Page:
Of relevance to tranquillity are these policies:

  • Dark skies/light pollution policy PODM27.
  • Amenity policy PODM26.
  • Settlement fringe policy PODM25.

Indeed, there are some particular areas around the Broads which are generally tranquil such as the Upper Thurne (Policy POSSUT) and the Trinity Broads (Policy POSSTRI).

Reasonable alternative options

No policy

Sustainability appraisal summary

The following is a summary of the assessment of the policy and alternative(s).

A: Have a policy: 5 positives. 0 negatives. 0 ? Overall, positive.

B: No policy: 0 positives. 0 negatives. 5 ?

Why has the alternative option been discounted?

There are areas that are tranquil in the Broads. Tranquillity is one of the special qualities of the Broads. A general, strategic policy that seeks to protect tranquillity is favoured.

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Policy PODM27: Light pollution, dark skies and nocturnal character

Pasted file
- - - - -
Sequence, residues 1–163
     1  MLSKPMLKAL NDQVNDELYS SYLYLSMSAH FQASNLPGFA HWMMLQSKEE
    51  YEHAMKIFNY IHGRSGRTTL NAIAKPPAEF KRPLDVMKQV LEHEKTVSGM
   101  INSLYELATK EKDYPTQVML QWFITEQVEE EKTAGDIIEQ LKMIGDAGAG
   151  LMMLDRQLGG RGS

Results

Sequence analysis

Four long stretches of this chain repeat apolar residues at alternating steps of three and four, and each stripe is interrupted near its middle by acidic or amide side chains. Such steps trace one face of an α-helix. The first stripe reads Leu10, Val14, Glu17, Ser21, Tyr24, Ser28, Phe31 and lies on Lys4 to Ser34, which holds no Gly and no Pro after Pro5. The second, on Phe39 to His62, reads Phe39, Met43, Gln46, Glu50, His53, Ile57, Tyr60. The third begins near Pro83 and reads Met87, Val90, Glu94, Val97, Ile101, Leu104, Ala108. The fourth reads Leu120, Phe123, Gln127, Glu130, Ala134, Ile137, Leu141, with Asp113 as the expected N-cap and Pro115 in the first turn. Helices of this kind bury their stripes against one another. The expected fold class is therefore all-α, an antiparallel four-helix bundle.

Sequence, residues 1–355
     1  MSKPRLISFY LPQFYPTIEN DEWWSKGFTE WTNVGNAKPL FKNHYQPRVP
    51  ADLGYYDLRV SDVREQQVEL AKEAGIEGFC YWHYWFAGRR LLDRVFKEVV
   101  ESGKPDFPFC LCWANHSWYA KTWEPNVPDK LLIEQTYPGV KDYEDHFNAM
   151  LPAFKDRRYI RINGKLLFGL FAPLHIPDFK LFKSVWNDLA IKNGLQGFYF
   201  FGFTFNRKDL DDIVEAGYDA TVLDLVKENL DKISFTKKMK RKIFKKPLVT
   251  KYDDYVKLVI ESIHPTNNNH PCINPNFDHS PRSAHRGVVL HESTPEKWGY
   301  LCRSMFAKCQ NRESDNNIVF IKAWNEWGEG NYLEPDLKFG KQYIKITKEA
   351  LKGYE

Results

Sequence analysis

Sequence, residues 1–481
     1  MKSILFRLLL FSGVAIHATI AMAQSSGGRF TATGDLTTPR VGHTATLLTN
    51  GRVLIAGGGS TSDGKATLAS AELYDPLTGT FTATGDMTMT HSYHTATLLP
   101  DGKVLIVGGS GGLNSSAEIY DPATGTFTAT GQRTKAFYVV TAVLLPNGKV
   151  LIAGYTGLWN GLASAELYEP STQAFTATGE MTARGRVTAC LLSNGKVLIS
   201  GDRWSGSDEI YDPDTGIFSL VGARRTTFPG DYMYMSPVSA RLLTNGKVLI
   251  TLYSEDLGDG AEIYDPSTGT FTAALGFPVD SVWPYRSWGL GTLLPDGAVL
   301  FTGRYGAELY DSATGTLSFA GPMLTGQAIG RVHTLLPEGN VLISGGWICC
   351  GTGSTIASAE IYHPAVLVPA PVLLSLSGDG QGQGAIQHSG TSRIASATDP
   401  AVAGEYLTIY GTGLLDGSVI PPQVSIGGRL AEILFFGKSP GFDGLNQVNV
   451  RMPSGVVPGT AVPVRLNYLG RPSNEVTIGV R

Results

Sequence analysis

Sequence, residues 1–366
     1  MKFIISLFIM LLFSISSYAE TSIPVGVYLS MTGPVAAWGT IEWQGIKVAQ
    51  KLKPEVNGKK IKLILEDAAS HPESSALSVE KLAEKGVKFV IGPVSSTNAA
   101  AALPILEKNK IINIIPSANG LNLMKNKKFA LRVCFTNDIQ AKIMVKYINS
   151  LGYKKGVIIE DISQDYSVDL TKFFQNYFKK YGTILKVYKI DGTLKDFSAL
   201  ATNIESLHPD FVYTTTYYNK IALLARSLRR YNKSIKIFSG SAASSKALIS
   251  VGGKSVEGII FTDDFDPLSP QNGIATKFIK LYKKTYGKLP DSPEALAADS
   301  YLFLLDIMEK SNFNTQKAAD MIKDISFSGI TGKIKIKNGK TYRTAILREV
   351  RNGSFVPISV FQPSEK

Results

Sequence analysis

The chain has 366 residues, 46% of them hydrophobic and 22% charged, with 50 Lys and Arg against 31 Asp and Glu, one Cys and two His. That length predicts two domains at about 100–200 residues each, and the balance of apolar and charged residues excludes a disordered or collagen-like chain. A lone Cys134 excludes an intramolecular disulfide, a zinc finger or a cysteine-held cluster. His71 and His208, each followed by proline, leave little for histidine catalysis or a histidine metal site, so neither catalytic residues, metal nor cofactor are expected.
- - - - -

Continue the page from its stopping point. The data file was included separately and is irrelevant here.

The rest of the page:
See Policy map at Appendix 15.

  1. The tranquillity, nocturnal character and dark sky experience of the Broads will be conserved and enhanced.

Dark sky zones of the Broads

  1. Development proposals are required to address light spillage and eliminate all unnecessary forms of artificial outdoor lighting by ensuring that:
    1. Dark Sky Zone category 1 as identified on the policies maps is protected from permanent illumination;
    2. External lighting within the Dark Sky Zone category 2 as identified on the policies maps is strictly controlled; and
    3. Good lighting management and design is applied throughout the Broads.

Development proposals involving lighting